The competition between water and energy needs represents a critical business, security, and environmental issue, but has not yet received the attention that it merits. Energy production consumes significant amounts of water; providing water, in turn, consumes energy. In a world where water scarcity is a major and growing challenge, meeting future energy needs depends on water availability –and meeting water needs depends on wise energy policy decisions.
As water tables decline, the Organization for Economic Cooperation and Development estimates that 2.8 billion people – nearly half of the world’s population — live in areas of high water stress, rising to 3.9 billion by 2030 if present trends continue. As cities grow, municipal water demands will increase. As populations rise and increase their consumption of meat, agricultural competition for water will intensify.
In the United States, generating energy consumes 20% of the water not used by agriculture. Rising demand for energy — both conventional and alternative — has the potential to significantly increases water consumption. As energy producers and consumers seek to reduce carbon emissions, water consumption frequently rises because many cleaner forms of conventional and alternative energy are potentially more water-intensive technologies, which risks adding to demands on water resources.
Now – as new energy policies are emerging – is the window of opportunity to add water to the agenda.
Nations around the world are evaluating their energy options and developing policies that apply appropriate financial carrots and sticks to various technologies to encourage sustainable energy production. Water needs to be part of this debate, particularly how communities will manage the trade-offs between water and energy at the local, national, and cross-border levels. These decisions will impact businesses, investors, security, environment, justice, development, and sustainability. Policy makers, business leaders, investors, non-governmental organizations, and the public need sound, objective information to make the right choices. However, information about the water-energy nexus is often fragmented, weak and incomplete, difficult to compare, and filled with jargon. Inaccuracies in media reports are common because of gaps in understanding of the dynamics of the interaction between water and energy.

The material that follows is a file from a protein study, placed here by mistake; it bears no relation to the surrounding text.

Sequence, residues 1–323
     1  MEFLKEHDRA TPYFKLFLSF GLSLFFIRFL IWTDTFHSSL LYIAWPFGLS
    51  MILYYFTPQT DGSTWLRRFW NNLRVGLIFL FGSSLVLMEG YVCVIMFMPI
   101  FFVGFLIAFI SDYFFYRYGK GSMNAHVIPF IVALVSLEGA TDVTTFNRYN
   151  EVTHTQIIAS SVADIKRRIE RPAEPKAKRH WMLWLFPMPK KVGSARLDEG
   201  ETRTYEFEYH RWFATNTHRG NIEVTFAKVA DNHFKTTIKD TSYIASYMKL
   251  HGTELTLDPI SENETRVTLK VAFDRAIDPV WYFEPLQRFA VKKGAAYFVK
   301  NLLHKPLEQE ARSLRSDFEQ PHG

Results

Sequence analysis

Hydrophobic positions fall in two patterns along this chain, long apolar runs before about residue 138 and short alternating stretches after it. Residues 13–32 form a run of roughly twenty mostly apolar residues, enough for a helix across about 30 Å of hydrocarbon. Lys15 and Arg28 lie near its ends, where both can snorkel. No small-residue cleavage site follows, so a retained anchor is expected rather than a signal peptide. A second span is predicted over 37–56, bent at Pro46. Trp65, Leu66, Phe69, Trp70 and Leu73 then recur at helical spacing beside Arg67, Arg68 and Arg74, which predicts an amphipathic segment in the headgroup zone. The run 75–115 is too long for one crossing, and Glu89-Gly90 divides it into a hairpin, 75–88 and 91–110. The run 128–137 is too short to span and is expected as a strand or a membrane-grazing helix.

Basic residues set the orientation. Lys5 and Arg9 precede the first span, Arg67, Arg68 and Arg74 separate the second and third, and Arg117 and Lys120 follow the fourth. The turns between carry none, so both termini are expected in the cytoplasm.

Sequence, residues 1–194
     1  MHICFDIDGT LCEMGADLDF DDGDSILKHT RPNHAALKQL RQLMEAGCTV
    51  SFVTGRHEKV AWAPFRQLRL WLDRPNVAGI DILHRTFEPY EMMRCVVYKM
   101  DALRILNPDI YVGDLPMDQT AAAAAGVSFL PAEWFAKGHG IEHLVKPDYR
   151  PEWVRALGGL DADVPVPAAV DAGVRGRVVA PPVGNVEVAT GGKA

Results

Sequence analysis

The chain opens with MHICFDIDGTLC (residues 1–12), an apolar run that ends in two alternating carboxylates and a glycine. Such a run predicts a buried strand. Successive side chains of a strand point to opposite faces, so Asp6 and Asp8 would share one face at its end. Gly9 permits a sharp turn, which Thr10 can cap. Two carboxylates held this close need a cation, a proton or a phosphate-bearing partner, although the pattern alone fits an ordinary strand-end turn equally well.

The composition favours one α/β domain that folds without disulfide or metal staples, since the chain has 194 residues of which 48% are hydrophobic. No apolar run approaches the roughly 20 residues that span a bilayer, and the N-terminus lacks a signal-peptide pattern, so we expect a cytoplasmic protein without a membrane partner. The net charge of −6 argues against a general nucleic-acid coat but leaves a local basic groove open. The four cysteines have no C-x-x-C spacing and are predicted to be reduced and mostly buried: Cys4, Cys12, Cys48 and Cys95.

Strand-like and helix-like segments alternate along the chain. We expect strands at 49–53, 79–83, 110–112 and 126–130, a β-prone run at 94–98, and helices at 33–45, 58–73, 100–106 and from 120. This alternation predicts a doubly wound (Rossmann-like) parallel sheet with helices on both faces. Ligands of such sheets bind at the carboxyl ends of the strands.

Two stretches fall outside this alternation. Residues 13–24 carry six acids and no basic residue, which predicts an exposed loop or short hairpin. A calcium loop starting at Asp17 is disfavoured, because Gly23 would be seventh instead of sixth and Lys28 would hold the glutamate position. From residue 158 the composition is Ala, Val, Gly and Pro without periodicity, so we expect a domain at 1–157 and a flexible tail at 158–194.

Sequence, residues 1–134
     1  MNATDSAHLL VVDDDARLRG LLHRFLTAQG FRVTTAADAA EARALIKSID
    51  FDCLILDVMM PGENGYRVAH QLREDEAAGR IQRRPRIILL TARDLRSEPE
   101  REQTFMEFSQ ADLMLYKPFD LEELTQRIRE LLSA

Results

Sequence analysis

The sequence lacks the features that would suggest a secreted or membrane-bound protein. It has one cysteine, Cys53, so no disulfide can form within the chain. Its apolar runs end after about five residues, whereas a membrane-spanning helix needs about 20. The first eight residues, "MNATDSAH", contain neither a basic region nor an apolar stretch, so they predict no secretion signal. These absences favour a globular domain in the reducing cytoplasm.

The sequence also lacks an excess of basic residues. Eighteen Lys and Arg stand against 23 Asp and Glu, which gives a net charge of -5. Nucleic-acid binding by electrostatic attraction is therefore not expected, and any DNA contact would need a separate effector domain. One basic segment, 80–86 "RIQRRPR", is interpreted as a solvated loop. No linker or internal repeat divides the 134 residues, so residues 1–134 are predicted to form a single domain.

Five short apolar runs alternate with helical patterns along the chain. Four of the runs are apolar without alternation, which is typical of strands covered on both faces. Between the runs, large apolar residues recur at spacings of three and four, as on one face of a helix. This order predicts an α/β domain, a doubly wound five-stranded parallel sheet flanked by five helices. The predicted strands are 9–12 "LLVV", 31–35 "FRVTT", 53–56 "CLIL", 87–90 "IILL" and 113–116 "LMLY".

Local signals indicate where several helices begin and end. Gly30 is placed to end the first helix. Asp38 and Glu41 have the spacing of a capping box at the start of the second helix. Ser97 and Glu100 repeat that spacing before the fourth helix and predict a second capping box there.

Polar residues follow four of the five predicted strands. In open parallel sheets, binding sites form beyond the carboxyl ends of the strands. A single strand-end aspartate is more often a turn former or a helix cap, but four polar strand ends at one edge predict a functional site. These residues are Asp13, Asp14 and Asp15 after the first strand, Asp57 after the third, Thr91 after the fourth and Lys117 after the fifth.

To enhance the quality of discussion and decision-making on the water-energy nexus as part of the process of developing better policies, the World Policy Institute seeks to provide the context needed to evaluate key tradeoffs. We have launched this project with a policy paper and panel discussion, and will follow up with additional events, discussions, research and policy recommendations.
The Water-Energy Nexus: A World Policy Paper (March 2011)